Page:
New Zealand is preparing to move into Alert Level 3 and the good news is trade businesses will be able to ‘open’. But there will still be plenty of restrictions. Whatever your individual scenario, we wanted to share our top tips on how you can help your business to be more prepared through Alert Level 3 and beyond.
Here are our top tips:
1. Cashflow and Business Planning
In our previous article, we talked about the benefits of getting up to date on your business planning – understanding your cash flow and budgets and forecasting your workflow for the months ahead.
If you haven’t completed this – or even started – now is a good time to do it so that you’re prepared for Level 3, as well as the subsequent levels and can get back into the swing of things a little faster.
- When you’re forecasting, think about various scenarios and factor those in. For instance, what each of the Alert Levels – 3, 2 and 1 – will look like for your business now that we have more detail.
- It’s likely many businesses will need to consider a bank loan to get back on their feet. If this is the case for you, make sure you know what your bank’s position is on borrowing right now. And check in with your accountant if you haven’t already.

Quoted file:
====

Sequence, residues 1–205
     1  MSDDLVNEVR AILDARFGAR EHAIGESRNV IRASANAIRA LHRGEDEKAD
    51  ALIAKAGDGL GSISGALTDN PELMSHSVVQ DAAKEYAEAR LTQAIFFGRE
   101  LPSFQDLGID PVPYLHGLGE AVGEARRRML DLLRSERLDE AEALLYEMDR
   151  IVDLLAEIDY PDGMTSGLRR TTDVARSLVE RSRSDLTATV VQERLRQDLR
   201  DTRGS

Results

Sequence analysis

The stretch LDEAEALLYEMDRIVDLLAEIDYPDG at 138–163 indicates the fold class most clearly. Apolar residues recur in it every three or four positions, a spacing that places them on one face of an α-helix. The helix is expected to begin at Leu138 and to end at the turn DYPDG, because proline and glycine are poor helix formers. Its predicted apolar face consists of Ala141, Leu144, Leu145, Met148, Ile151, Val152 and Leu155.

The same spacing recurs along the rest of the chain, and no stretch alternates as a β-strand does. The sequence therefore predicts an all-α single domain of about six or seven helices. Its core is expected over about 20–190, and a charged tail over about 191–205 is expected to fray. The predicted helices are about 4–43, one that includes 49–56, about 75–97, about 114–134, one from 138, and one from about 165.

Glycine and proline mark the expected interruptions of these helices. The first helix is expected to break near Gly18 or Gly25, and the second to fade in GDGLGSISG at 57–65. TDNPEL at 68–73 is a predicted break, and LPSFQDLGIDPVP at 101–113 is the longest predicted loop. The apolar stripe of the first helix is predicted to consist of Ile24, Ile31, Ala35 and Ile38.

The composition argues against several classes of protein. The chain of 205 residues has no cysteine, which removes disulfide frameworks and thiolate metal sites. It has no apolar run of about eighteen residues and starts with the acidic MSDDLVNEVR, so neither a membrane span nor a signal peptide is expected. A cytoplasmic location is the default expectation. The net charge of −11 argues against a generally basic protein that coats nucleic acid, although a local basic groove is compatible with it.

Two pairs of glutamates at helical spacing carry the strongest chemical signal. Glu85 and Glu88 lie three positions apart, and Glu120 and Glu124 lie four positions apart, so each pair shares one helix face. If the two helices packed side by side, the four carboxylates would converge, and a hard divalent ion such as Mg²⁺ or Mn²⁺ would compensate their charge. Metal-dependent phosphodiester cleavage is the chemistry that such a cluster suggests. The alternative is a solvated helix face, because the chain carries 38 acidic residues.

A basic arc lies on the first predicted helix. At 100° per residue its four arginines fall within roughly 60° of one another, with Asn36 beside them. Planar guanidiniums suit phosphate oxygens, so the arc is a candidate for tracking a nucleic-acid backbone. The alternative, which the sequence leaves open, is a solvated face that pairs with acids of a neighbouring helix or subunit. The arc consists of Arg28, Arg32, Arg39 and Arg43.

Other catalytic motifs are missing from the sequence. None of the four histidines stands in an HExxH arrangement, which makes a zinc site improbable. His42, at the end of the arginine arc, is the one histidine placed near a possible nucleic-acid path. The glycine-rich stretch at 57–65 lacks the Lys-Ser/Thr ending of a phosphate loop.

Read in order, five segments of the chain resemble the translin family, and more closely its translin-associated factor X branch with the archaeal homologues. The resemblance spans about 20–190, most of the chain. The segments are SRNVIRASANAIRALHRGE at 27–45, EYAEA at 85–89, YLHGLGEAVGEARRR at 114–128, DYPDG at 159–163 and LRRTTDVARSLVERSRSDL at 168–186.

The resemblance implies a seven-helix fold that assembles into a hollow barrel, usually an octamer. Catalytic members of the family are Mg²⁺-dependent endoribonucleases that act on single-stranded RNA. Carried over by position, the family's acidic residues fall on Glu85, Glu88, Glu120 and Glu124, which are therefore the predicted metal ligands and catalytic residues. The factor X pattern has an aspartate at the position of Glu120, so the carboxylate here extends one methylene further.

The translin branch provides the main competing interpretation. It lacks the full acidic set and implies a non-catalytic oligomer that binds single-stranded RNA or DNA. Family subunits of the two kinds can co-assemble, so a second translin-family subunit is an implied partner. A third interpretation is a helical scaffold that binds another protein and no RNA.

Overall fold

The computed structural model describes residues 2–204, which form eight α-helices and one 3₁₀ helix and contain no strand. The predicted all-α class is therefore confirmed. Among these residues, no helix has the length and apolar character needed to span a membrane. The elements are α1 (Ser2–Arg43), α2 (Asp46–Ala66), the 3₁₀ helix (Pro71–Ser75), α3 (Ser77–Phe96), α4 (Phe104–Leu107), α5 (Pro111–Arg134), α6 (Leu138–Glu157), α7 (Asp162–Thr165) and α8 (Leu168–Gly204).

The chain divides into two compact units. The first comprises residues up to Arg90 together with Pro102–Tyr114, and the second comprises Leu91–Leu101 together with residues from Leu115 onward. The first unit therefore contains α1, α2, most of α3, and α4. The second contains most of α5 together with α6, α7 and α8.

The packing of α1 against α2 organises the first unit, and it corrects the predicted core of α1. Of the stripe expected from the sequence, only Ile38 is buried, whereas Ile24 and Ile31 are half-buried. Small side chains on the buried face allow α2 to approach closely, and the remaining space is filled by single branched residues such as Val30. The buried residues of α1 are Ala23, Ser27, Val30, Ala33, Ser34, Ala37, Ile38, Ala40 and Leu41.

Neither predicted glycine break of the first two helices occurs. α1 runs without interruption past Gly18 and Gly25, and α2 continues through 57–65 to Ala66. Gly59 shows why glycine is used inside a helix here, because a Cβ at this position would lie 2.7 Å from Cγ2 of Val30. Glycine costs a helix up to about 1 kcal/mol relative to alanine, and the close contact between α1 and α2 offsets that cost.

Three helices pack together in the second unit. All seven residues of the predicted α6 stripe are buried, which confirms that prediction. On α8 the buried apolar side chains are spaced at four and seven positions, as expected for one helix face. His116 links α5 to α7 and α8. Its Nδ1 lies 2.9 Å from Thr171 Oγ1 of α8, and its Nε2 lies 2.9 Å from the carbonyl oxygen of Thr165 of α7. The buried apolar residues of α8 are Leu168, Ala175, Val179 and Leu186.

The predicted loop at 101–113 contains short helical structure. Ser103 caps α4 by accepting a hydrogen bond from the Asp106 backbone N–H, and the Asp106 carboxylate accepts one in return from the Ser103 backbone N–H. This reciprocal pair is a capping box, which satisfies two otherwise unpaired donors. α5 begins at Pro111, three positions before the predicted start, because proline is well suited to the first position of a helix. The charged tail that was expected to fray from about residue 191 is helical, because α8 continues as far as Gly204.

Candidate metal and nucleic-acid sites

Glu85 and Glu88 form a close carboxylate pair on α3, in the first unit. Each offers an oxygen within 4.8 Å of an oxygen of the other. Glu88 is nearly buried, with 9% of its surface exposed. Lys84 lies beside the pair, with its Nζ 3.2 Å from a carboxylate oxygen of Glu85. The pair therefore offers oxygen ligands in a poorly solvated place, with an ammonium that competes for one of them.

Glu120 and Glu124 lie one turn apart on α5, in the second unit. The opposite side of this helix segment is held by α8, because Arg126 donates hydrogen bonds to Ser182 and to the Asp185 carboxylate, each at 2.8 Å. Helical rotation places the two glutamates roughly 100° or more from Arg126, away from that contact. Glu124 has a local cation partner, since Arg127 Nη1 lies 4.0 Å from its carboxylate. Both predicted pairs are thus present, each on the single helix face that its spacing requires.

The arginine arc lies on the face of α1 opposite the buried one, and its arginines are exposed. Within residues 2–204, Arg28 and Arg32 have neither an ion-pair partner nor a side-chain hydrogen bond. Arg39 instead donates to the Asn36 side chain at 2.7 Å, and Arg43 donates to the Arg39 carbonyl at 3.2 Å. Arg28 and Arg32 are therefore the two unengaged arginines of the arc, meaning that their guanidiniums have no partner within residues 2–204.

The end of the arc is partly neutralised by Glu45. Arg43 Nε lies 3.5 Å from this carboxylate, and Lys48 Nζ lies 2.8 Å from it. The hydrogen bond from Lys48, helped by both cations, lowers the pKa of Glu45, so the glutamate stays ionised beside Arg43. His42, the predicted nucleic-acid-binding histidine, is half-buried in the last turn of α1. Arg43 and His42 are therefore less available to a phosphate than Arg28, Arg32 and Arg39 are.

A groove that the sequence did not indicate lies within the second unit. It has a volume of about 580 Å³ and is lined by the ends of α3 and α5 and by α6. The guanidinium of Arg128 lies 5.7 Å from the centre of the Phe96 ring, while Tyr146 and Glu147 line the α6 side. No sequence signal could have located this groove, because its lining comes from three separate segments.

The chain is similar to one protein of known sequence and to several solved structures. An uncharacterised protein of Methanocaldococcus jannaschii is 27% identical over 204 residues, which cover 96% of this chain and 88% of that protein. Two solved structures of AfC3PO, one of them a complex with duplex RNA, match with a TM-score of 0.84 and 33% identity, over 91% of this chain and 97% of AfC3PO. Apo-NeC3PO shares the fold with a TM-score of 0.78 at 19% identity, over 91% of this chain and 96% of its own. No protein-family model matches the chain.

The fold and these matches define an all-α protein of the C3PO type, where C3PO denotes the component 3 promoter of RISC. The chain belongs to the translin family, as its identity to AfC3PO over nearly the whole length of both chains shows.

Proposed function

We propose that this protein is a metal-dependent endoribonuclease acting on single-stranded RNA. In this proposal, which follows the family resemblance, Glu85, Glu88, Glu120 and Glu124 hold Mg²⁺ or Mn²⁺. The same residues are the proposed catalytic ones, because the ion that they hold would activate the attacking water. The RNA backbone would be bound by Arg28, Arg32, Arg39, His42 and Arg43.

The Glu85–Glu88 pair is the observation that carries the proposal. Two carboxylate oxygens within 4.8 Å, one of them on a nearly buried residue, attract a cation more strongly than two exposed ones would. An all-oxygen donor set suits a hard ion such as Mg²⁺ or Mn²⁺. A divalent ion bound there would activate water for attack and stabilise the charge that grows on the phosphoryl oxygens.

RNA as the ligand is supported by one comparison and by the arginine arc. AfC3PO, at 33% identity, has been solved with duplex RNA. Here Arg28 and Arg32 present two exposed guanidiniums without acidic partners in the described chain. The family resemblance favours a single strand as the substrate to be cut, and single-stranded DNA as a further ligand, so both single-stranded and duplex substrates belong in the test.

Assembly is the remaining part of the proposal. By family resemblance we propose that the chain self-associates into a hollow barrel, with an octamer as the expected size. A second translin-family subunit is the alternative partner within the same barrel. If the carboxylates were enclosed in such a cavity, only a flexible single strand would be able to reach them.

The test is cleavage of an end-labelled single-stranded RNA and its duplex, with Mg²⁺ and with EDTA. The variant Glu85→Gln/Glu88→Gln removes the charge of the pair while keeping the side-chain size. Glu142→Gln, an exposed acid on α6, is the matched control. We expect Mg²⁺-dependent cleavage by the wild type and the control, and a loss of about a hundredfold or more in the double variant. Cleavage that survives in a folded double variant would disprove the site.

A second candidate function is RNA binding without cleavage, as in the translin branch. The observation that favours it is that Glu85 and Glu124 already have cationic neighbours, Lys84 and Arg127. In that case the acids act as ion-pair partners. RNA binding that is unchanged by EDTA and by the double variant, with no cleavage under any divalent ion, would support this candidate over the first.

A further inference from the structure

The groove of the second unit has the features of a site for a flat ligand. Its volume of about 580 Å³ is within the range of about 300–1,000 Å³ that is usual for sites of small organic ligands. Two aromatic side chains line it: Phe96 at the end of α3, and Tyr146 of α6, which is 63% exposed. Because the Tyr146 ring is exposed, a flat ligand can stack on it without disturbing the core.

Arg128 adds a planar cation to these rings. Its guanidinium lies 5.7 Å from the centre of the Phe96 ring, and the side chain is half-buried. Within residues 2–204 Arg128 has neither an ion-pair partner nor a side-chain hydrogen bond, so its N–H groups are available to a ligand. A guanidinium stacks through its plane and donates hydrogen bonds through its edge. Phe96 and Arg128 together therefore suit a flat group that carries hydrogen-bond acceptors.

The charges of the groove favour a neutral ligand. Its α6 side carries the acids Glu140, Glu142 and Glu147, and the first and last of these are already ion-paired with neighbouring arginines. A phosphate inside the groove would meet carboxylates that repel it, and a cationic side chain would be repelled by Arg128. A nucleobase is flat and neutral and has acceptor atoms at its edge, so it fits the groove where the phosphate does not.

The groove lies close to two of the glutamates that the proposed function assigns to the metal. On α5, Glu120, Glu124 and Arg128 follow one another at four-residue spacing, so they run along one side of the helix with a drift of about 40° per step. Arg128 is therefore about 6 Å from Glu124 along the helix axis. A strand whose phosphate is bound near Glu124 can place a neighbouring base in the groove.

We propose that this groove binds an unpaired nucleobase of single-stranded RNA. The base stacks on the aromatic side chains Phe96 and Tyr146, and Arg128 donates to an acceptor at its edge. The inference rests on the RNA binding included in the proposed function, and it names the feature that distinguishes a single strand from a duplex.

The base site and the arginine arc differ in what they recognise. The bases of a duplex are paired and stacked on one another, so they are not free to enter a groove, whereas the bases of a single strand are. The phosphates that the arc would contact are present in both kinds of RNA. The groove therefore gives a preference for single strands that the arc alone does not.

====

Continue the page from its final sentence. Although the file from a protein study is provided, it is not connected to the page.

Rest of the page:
- See if you can cut costs but without compromising your business – drill down on suppliers, insurance, leases. Are discounts available? If it applies to you, can your landlord provide rental relief – if you ask, they may be willing.
- Check that you have all your invoicing up to date, follow up with payments that are still outstanding and finalise any new job quotes you may want to revisit.
The first tip here is to be gentle. Everyone has had some major challenges thrust upon them with COVID-19, whether personal or financial. So, it’s important to show kindness and patience with your staff. Make sure you take an interest in checking in with them and their families – then they’ll go the extra mile for you, too.
Remember that communication is vital. Your team, as always, will be key to your success when business gets back to some sort of normal. Keep them updated and clearly share what the next steps will be for your business and for them as employees.